Saturday, November 5, 2011

Butte County Climate Change...

Note from Allan: The two previous essays (or some form of them) will be sent off to the editor of a daily newspaper that is seeking a columnist for their opinion page. This piece and the previous entry, after some clean up, will be my submissions. Feedback is welcome. Wish me luck.
June 21, 2008. Moving Day for our family. At last we had decided to move into our solar “off grid” cabin full-time; leaving the excessive opulence of the Napa Valley for the nowhere-to- be-seen opulence of the small hamlet of Concow, in the foothills of Butte County.
Perhaps you remember that day? The importance of that day has been missed by most Butte County residents. I remember June 21, 2008 like I remember where I was when the Twin Towers fell or when the first space shuttle exploded. The day of the Lightning Complex fires should be etched in your memory too. That was the day Climate Change became very difficult to deny in Butte County.

Set the scene: Northern California had experienced a few years of extreme drought. Summer had arrived early. Temperatures had been downright hot for a couple of months previous to that June day. Everything was already bone dry. Then, a “freak” lightning storm blew in, dazzling the night skies with thousands of lightning strikes. You remember the result: For a month it was difficult to go outside because of the smoke; half of Paradise was evacuated; 33,000 acres of Lassen National Forest burned. Residents of the space station could watch the smoke plume from low Earth orbit.
We had turned off all media in our home in the Napa Valley getting ready for the move into our new solartopian cabin. The Internet was off. Television off. Everything was packed up the night before—U-Haul waiting. We didn’t listen to the radio.  We were ignorant of events in the Foothills as we left the Napa Valley that morning. But when we got to the Foothills, we could see dozens of plumes of fire rising into the air. Looked like a war zone. One particularly nasty plume, the biggest ugliest mushroom cloud, was quite close to where our 350 square foot dream home resides. Too close. 

And it was close; the road to our house was closed due to fire. We had to park the U-Haul for a couple of weeks and sleep in a shelter in Oroville.  From the shelter, we watched the fire reports as the “burned” area crept closer to our new home. Fear.  Anxiety. Such rotten luck--we muttered as we watched the forest service ranger post the map that said that the fire had consumed the area that contained our home.  Now that is a helpless feeling. Burned over? We didn’t even get to spend one full night in this new home.

In the end, the house was saved. We were one of the lucky ones---the fire went around our property and some brave fire fighters saved many of the houses on our ridge. They have our deepest thanks.
Meanwhile, that summer of 2008, Dan Logue worked to secure the Republican nomination to be our Assemblyman. He eked out a win for the nomination and won the general election easily. Logue then, in a spasm of first term arrogance, went on to write Proposition 23 (some say with the help of an oil think tank in Texas) which attempted to undue California’s nation leading effort at lowering carbon emissions.  Even Butte County voted Prop 23 down in 2010.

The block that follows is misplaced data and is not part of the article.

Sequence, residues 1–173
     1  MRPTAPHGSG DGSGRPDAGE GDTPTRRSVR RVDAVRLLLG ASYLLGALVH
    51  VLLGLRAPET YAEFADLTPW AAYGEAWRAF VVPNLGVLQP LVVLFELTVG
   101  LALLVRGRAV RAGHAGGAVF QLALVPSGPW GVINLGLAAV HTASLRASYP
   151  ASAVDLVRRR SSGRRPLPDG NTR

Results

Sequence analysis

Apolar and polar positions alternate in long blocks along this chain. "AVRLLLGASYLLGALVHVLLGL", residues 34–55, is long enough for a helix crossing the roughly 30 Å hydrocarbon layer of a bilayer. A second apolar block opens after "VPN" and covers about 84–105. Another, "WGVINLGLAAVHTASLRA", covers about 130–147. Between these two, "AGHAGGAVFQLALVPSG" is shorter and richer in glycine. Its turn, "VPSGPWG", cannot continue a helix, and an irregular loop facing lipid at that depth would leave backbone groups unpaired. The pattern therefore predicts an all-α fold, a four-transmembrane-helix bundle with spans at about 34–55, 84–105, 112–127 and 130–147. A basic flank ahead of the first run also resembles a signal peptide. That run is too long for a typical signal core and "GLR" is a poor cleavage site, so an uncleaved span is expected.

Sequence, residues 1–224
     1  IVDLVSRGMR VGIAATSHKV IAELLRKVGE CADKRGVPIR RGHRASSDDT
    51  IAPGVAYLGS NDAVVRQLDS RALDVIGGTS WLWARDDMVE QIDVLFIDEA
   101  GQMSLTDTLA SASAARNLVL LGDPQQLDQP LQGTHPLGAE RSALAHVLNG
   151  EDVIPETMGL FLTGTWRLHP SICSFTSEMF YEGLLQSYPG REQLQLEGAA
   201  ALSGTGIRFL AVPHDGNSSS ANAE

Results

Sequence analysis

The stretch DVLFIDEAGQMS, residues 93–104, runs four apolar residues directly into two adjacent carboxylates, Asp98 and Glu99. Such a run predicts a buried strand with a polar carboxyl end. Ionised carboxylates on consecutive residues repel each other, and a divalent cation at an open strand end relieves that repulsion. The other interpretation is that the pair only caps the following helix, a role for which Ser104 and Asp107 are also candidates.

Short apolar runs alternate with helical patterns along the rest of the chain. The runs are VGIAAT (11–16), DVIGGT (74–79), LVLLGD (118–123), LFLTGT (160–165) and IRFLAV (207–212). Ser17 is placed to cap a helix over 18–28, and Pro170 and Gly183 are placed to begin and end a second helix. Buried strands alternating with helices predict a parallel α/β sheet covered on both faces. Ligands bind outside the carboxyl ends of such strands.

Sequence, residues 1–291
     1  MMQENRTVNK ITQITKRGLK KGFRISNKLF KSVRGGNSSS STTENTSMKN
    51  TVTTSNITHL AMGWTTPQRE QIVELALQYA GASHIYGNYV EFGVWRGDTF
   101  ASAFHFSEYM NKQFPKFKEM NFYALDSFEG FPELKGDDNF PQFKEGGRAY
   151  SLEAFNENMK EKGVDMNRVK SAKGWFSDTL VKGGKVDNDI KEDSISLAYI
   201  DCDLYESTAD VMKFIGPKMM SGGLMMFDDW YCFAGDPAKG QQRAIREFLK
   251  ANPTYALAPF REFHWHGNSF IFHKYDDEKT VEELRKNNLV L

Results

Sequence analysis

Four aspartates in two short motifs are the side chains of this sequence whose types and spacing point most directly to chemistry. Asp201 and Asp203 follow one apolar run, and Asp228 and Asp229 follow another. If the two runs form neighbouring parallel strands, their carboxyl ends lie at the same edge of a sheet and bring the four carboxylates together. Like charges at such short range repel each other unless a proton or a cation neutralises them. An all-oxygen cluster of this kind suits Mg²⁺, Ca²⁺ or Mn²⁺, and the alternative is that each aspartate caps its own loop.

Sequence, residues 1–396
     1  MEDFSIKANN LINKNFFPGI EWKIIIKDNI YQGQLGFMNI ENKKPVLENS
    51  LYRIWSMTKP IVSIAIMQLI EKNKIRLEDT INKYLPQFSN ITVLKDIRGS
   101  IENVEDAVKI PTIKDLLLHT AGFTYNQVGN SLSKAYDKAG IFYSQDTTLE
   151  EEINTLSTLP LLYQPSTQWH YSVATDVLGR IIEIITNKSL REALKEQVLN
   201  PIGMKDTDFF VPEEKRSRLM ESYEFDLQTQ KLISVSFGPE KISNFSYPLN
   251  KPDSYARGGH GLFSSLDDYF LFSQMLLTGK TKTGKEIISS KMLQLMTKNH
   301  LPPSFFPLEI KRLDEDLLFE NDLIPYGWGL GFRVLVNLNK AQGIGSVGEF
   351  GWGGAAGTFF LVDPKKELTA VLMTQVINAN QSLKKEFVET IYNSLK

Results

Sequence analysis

Dan Logue is on the record as a Climate Change Denier. And proud of it! He is a follower of the 2 percent of climatologists who state that climate change is not a problem. Although the Deniers  position keeps changing. Sometimes they cite studies that cherry pick data and proport to show that climate hasn’t warmed over a recent eleven year period; sometimes they state that warming is a natural phenomenon and is not caused by human activity; sometimes they state that warming exists, but the scientists are too “alarmist” about the consequences (they like to say CO2 is good for plants). One thing all these Climate Change Deniers do believe is that the carbon economy (which they equivocate with economic growth) should continue regardless of the price; we should pump every drop of oil, raze the boreal forests of Canada for the tar sands, frack every wild land in Utah--- even if that means the end of the Holocene.

For those of us who lived in the Foothills in the summer of 2008 (or tried to move there)---all we needed to do was breathe the smoky air to know that climate change was very real. That huge, spectacular fire was exactly what we can continue to expect in the next 100 years as CO2 keeps climbing, world temps keep rising, ice keeps melting.
The evidence will continue to mount: such as this year’s continuing Texas drought and fires that destroyed the Texas winter wheat crop; the drought in Georgia this summer which devastated the peanut harvest and will raise the price of Jiff; the decline in the corn and soybean harvest in the Midwest this year because of late spring rains, extreme heat and a late summer drought---until, one day, probably not in the too distant future, even Dan Logue will have to admit that he should have looked out the window at the Lightning Complex fires of 2008 and not bother with writing Prop 23.

1 comment:

Trish Taylor said...

Allen, Plumas County Dems facebook noticed me that you "liked" the Dems. Connect if you'd like the newletter online: That's my email. We're trying to build the Dem's social network, just to keep everyone informed. -- Trish Taylor, Chair ( I like your blog, and I love California progressive energy agenda.)